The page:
. Konrad Repgen, "Über die Geschichtsschreibung des Dreißigjährigen Krieges: Begriff und Konzeption," in Krieg und Politik, 1618-1648: Europäische Probleme und Perspektiven, ed. Konrad Repgen (München: Oldenbourg, 1988), pp. 1-84.
. Horst Buszello, Peter Blickle and Rudolf Endres, eds., Der deutsche Bauernkrieg (Paderborn, Munich, Vienna, and Zurich: Schoeningh, 1995), pp. 219, 224-225.
. Society for the Propagation of the Gospel in Foreign Parts, "Records" Series A, vol. A 7.
. Society for the Propagation of the Gospel in Foreign Parts, "Records" Series A, vol. A 17.
. Franz-Anton Kadell, Die Hugenotten in Hessen-Kassel (Darmstadt und Marburg: Selbstverlag der Hessischen Historischen Kommission für Hessen, 1980), p. 25.
. Susanne Lachenicht, "Die Freiheitskonzession des Landgrafen von Hessen-Kassel, das Edikt von Potsdam und die Ansiedlung von Hugenotten in Brandenburg-Preußen und Hessen-Kassel," in Les Etats allemands et les Huguenots: Politique d'immigration et processus d'intégration, ed. Guido Braun and Susanne Lachenicht (München: Oldenbourg, forthcoming 2006).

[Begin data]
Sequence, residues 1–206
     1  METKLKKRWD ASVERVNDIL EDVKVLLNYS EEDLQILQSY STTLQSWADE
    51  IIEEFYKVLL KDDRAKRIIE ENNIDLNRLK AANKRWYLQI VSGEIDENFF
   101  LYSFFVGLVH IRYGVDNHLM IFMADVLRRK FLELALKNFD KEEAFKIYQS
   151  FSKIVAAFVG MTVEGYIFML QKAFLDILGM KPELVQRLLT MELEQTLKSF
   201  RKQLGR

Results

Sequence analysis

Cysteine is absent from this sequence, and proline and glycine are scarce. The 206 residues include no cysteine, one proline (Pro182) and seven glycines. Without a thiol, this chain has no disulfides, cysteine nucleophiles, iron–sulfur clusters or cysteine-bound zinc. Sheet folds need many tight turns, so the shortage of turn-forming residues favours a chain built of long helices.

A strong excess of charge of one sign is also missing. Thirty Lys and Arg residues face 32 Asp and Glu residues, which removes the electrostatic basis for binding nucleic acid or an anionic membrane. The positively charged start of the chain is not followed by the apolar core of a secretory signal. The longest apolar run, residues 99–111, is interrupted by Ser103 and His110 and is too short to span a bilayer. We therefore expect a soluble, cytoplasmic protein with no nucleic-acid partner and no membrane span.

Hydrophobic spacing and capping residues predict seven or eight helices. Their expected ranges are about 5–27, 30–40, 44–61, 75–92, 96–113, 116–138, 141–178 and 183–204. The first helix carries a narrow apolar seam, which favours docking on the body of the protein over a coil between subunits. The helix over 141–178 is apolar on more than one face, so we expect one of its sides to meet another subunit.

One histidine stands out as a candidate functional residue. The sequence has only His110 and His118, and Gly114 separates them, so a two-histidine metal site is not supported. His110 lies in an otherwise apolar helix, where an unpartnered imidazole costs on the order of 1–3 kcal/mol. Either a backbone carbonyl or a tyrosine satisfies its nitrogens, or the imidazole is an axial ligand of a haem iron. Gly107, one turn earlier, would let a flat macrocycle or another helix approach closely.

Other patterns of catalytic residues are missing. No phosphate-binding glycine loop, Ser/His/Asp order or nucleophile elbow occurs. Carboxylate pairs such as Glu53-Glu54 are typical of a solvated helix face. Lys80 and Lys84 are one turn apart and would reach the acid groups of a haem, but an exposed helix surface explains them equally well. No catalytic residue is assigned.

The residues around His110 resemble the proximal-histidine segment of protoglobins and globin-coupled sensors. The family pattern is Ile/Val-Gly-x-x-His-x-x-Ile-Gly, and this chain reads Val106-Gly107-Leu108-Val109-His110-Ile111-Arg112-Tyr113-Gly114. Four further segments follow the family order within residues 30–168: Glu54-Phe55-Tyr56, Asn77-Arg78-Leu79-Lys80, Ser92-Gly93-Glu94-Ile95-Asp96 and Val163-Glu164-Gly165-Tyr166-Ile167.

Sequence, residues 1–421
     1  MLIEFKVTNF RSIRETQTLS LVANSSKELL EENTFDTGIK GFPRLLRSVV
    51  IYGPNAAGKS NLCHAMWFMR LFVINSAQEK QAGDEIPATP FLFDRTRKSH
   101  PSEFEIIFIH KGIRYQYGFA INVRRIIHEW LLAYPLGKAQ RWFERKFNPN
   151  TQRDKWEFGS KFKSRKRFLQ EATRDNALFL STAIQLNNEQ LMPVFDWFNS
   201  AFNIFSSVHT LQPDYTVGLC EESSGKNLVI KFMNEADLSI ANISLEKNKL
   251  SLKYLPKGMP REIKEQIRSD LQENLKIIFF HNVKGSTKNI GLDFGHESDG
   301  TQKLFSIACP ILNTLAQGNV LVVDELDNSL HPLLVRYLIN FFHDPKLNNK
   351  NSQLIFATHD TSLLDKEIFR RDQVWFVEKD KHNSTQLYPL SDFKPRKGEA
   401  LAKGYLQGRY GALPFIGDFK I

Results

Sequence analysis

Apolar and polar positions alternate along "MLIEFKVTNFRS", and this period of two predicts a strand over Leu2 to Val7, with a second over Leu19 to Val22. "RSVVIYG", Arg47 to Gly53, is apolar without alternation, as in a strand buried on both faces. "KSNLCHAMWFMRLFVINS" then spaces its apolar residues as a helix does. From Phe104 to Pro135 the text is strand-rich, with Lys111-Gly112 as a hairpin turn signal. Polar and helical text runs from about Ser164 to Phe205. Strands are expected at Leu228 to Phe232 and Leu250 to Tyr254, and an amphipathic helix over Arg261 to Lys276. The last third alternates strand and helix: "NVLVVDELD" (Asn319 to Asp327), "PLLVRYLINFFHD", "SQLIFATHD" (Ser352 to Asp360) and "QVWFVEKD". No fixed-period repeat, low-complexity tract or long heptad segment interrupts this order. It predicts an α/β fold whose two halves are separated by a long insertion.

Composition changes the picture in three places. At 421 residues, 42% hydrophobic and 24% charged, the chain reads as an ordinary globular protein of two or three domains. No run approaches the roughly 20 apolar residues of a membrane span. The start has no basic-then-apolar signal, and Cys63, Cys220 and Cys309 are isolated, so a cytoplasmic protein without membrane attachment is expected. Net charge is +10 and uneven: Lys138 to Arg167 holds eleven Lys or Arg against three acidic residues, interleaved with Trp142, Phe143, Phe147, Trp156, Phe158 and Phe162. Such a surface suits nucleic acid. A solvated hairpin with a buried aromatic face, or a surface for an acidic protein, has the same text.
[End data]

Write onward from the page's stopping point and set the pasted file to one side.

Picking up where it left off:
. Bertrand van Ruymbeke, "Huguenots and the American Immigration History Paradigm," in From Strangers to Citizens: The Integration of Immigrant Communities in Britain, Ireland and Colonial America, 1550-1750, ed. Randolph Vigne and Charles Littleton (Brighton and Portland: Sussex Academic Press, 2001), pp. 332-341; Paula Wheeler Carlo, Huguenot Refugees in Colonial New York: Becoming American in the Hudson Valley (Brighton and Portland: Sussex Academic Press, 2005); and Christopher Hodson, "Idlers and Idolaters: Acadian Exiles and the Labor Regimes of British North America, 1755-1763," in Religious Refugees in Europe, Asia and the Americas, ed. Susanne Lachenicht (Hamburg: LIT, forthcoming 2006).
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Susanne Lachenicht. Review of Otterness, Philip, Becoming German: The 1709 Palatine Migration to New York.